How Long is a Horse Pregnant? Gestation and Other FACTS

The Costly Exercise of Equine Reproduction

You may be wondering about the cost if you allow your horse to get pregnant. That can only be answered by estimating how long is a horse pregnant. If you are aware of the length of time for the usual horse pregnancy, that will help compute the financial cost. 

There are also some hidden costs involved. This will help you figure out if it’s really worth the time, energy, and money involved.

The Average Gestation Period of Horse Pregnancy

If you are trying to compute the exact horse gestation period, bear in mind that a mare can only carry one foal at a time. Generally, a mare is pregnant for around one year (more or less 330 days). This means you can only expect one foal per year if you intend to breed horses.

In some instances, the veterinarian may discover that your breeding mare is carrying twins. This is a dangerous situation because your pregnant horse cannot support the lives of twins and herself. It may even lead to death for both the mare and the foals.

A responsible veterinarian will inform you that they may have to terminate one twin to allow the mare and the stronger foal to stay alive. This is done for financial reasons (because it costs a lot to breed horses) and for the survival of mares and foals in general.

pregnant horse

Signs and Symptoms of a Pregnant Mare

Some signs will teach you how to tell if a horse is pregnant. First of all, you need to know when the mating occurred to assume that conception of the foal happened simultaneously. So this means you need to know when the mare will be in heat and fertile for mating.

From the time of mating, you can count 26 days. By then, the veterinarian will recommend performing an ultrasound to determine if there is indeed a fetus within the mare’s uterus. Ideally, the vet will hear the heartbeat of the foal. This should also be the time when the vet will check for twins.

When three months from the time of mating have passed, another ultrasound can be performed. Again, ideally, the veterinarian will be able to show you the general form of the foal, the gender, and even the features through this test. There should also be blood and urine samples taken for testing.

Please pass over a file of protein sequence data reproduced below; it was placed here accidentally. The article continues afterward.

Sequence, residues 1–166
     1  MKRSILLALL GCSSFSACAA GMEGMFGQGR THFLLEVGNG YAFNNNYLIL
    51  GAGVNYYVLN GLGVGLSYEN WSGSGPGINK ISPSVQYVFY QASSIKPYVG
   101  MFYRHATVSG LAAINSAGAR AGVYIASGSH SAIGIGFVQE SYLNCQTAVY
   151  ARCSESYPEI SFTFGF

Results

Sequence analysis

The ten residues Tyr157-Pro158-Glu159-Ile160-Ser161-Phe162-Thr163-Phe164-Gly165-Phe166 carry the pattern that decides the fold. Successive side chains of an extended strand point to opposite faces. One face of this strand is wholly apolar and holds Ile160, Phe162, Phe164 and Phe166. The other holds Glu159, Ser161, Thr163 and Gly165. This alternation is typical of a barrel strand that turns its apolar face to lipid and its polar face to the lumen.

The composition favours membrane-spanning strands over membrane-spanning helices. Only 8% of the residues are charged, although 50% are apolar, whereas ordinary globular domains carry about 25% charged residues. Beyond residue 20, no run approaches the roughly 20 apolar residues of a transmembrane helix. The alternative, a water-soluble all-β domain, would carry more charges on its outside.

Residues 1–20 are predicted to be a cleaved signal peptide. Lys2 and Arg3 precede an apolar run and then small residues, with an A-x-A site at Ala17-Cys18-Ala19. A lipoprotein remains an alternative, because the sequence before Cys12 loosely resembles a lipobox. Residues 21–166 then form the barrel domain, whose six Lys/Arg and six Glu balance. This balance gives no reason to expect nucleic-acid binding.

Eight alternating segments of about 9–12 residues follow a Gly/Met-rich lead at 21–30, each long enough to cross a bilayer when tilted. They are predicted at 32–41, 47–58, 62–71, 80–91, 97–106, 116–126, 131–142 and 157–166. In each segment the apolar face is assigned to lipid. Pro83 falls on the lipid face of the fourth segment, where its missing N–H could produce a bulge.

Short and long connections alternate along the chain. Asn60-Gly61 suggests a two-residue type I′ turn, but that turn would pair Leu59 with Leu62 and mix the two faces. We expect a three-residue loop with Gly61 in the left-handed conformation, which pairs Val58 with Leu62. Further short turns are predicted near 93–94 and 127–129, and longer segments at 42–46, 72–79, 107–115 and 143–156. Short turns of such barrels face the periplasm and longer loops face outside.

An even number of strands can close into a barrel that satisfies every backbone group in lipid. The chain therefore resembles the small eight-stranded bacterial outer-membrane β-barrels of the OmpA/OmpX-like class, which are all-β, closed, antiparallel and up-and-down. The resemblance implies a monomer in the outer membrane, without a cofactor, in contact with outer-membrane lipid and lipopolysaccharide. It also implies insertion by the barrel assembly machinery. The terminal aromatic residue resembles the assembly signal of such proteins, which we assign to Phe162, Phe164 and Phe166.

As day 114 arrives, the vet may recommend deworming the mare and performing vaccinations. For this second trimester of the pregnancy, it is essential to start increasing the feed and water supply of the mare. The mare needs additional nutrition since the foal in her belly will be growing fast.

Starting at around day 226 of the horse gestation period, you can increase monitoring of the pregnant mare. Exercise is allowed until the seventh month. Remember that you’ll have to keep the mare in a dry, quiet, and comfortable stall so that she isn’t stressed by anything that may affect her pregnancy. 

Which Factors Can Affect the Gestation Period in Pregnant Horses?

The timing of the mating is vital because there are seasonal markers. For instance, if you opt to induce mating starting February, March, or April, this may extend the horse birth by one additional week. However, the delivery may occur somewhere between January and March of the following year by then.

As far as money is concerned, some horse breeders try to adjust the horse gestation period to have a faster pregnancy and birth of the foal. This means using artificial lighting to make the horses think that it is still springtime or summer to mate. This is generally the practice for Thoroughbreds.

As mentioned earlier, a mare may sometimes produce two offspring during the same pregnancy. This, too, can affect the horse’s pregnancy because the veterinarian will have to decide which foal to save at that stage of gestation. Some horse owners may attempt to keep both twins, but the foals might be too weak to survive.

If the owner decides to save the twins, the mare herself might spontaneously abort the foals. This can be nature’s way of preventing a significant problem during horse birth. This may result in a substantial loss for the horse owner after investing big money into the survival of both mare and foals.

Naturally, the state of health of the mare and her foals will also be a factor in the pregnant mare’s pregnency stages. The last thing a horse owner wants is for the mare to give birth when she is overweight. Ideally, you should provide the amount of food recommended by the veterinarian. This helps assure a straightforward delivery of the foal.

The Stages of Gestation in Female Horses